Among other things,the Utah Bee Inspection Act:
1 - Requires bee hives to be designed with removable frames (combs) primarily to facilitate inspection with the side benefit of easy and efficient management and harvest.
2 - Requires registration of all beekeepers so that county-appointed and state-trained volunteer inspectors can find and examine all domesticated honey bee colonies for contagious bee diseases and parasites and to help the affected beekeepers properly treat any diseases and parasites found. This inspection is required annually.
3 - Prohibits harvesting or storing equipment in a manner which enables bees to get into the extracting and storage site to "rob" honey -- honey which is potentially contaminated with contagious pathogens that are harmless to humans and other living creatures but which are deadly to honey bees.
A liberty (anti-big-government) mindset -- which I share -- seems to have caused some to read into the Utah Bee Inspection Act heavy-handed intent and restrictions that simply are not there. Such beekeepers seem to think that the requirements for registration, inspection, and how hives must be designed are nothing more than the heavy hand of a "police state". We county bee inspectors are offended by the notion that we are the long arm of a police state. We have no law-enforcement authority. Most of us don't even care whether you comply with the requirement to have a beekeeper's license as long as all beekeepers give us a chance to help them. But we do care about keeping Utah's honey bees healthy. Registration simply makes it possible for inspectors to help beekeepers through inspection and education.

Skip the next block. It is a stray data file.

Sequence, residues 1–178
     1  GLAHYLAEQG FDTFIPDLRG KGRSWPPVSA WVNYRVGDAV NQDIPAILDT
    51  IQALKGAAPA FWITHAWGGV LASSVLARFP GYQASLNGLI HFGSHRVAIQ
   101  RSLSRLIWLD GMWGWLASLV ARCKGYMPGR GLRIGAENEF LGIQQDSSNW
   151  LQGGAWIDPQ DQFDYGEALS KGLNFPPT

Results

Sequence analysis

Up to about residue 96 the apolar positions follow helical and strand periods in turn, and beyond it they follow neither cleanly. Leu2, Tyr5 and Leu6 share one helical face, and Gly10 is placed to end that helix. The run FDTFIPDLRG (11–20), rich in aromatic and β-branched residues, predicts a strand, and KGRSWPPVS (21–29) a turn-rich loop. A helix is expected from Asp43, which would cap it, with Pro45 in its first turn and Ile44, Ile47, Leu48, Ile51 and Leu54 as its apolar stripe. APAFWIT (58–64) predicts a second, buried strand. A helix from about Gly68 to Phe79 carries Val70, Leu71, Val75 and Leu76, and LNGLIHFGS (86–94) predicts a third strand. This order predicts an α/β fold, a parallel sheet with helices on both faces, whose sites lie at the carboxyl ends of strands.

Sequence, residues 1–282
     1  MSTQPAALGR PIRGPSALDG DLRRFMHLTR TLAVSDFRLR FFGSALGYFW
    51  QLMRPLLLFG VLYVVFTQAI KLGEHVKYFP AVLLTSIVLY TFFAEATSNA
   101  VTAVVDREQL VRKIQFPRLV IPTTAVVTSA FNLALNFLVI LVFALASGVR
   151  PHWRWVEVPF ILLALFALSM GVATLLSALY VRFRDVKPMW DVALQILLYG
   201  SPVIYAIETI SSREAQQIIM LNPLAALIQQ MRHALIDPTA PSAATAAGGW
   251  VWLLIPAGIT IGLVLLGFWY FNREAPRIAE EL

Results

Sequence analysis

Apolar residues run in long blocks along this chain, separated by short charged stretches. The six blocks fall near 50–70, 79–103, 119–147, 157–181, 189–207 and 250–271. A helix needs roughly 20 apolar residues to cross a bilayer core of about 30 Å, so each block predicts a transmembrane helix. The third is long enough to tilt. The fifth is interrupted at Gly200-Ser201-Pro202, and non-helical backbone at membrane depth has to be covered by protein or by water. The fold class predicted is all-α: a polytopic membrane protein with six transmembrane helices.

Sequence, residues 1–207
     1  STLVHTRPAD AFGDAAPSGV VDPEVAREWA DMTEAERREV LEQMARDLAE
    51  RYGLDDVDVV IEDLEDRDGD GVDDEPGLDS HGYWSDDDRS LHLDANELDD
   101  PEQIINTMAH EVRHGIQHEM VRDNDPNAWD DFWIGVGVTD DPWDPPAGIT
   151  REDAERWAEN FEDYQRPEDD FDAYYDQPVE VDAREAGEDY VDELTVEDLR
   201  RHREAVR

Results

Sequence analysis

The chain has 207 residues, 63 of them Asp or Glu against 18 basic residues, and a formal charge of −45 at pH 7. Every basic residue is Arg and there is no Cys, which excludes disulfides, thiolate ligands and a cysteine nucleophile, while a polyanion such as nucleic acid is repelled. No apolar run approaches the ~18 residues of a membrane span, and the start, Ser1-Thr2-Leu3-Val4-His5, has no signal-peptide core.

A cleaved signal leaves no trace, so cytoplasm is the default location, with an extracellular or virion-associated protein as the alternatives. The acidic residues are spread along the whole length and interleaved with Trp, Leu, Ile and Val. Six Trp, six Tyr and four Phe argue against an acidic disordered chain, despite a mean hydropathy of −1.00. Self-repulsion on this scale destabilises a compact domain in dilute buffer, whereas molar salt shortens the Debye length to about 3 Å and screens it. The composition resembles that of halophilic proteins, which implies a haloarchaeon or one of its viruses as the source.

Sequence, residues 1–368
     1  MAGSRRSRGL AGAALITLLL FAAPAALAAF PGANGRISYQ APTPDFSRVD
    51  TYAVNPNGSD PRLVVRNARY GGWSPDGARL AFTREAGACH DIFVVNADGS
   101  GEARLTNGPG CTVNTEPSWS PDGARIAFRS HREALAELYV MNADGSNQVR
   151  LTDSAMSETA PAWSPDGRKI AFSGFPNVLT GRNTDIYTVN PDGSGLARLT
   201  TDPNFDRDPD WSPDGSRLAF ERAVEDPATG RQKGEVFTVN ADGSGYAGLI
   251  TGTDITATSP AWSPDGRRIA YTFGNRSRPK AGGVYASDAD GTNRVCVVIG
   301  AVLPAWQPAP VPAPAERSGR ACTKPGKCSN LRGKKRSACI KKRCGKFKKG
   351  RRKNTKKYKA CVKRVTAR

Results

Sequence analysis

I just learned that legislation was introduced today (HB.224) in the Utah Legislature to deregulate some essential aspects of beekeeping in Utah. This legislation comes from a couple of relatively new Utah beekeepers intent on rejecting extensive beekeeping experience and wisdom accumulated over 16+ decades.

Proposals in this legislation which I find most troubling are:
1 - Elimination of the requirement for removable frames (combs).
2 - Elimination of the requirement for most beekeepers (all those keeping 5 or fewer colonies) to be registered with the state.
3 - Elimination of mandatory annual health inspections of domesticated honey bee colonies.
4 - Elimination of the requirement to extract honey in a place where bees can gain access.